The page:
‘The Hours and Times’ (1991)
Inspired by a real-life vacation John Lennon took with Beatles manager Brian Epstein in 1963, writer-director Christopher Munch put together the screenplay for ‘The Hours and Times,’ a 60-minute drama imagining what might have transpired during their visit to Barcelona. Questions of its historical accuracy are obviously moot, and as a viewing experience, it provoked decidedly mixed reactions from critics, but it’s an interesting footnote in Beatles cinema.
‘Two of Us’ (2000)
When ‘Saturday Night Live’ producer Lorne Michaels popped up during a 1976 episode of the show and offered the Beatles the ridiculous sum of $3,000 to reunite on the air, he had no way of knowing that Lennon and McCartney were actually watching ‘SNL’ together at Lennon’s apartment — or that they nearly showed up to try and collect. Of course, they ultimately opted to stay in, but that bit of Beatles history inspired ‘Two of Us,’ a 2000 VH1 film that imagines how the former collaborators spent that day and what they may have discussed. It’s a premise with no shortage of pitfalls, but partly due to the talent assembled behind the scenes — including ‘Let It Be’ director Michael Lindsay-Hogg and screenwriter Mark Stanfield — it holds up well. According to Aidan Quinn, who played Paul, even McCartney liked it.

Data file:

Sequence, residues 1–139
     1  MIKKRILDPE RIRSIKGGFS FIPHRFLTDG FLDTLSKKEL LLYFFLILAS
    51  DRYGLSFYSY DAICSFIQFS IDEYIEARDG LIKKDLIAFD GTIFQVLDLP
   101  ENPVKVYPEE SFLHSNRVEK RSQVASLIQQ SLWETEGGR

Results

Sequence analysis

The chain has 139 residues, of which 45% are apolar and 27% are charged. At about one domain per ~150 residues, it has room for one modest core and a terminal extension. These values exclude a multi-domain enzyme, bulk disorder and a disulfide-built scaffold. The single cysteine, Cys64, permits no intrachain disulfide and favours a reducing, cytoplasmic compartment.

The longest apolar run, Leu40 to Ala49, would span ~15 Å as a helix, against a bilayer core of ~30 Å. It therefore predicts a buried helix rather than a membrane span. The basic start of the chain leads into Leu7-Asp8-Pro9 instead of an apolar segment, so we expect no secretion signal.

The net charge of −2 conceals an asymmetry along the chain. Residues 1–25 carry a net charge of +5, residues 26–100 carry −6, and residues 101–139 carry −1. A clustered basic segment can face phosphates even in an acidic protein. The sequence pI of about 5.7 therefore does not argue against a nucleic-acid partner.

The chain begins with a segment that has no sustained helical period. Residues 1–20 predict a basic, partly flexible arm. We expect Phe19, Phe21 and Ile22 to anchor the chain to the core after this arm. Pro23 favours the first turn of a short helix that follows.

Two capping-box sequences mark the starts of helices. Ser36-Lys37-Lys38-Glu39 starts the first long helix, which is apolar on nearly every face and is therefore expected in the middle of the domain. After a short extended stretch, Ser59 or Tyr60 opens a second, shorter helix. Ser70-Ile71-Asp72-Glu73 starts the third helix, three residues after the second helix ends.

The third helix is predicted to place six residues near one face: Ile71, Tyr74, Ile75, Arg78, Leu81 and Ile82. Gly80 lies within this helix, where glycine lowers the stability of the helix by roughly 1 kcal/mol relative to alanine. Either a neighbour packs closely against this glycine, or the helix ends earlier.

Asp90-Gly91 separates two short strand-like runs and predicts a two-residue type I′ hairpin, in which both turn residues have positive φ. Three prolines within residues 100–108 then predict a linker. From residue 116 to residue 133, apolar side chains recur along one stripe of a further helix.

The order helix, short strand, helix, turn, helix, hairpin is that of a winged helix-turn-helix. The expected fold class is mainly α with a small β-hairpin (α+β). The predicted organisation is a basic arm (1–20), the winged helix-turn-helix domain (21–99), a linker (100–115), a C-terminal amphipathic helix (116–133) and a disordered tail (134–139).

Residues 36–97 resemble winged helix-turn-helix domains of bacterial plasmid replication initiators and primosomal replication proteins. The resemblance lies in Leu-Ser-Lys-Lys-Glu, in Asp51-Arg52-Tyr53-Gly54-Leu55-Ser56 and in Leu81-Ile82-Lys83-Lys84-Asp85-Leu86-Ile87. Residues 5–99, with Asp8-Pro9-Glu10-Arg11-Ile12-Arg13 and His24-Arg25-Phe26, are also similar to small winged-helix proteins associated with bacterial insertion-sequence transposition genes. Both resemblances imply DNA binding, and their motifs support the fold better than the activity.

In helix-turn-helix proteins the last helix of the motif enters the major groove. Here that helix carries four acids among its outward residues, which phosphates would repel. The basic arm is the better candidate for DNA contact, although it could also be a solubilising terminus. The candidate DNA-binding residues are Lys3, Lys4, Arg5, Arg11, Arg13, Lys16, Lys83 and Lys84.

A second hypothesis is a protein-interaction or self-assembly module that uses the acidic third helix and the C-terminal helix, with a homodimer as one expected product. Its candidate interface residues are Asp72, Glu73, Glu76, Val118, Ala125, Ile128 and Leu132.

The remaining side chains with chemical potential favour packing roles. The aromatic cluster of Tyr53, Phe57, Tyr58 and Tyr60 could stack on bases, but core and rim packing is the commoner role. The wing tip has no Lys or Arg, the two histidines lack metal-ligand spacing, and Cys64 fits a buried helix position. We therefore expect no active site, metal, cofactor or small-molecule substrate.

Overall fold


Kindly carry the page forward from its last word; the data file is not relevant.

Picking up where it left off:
‘Nowhere Boy’ (2009)
Released to coincide with what would have been John Lennon’s 70th birthday, ‘Nowhere Boy’ offers viewers a poignant look at his early years, with an emphasis on the family conflicts that helped define his relationships — and music — later in life. Although it includes the formation of the Quarrymen, the story focuses on Lennon’s painful past with his mother Julia and his close bond with his aunt Mimi, resulting in a sweet and surprisingly thoughtful picture that reminds us that before he was a rock star, Lennon was just another mixed-up kid with a dream.
‘I Wanna Hold Your Hand’ (1978)
The Beatles’ first appearance on ‘The Ed Sullivan Show’ proved a watershed moment for global pop culture, as evidenced by the recent run of celebrations commemorating its 50th anniversary — and by director Robert Zemeckis’ ‘I Wanna Hold Your Hand,’ a madcap comedy that uses the ‘Sullivan’ appearance as a framing device for a story about the shenanigans gotten up to by a handful of fans (and adversaries) in the hours leading up to the show.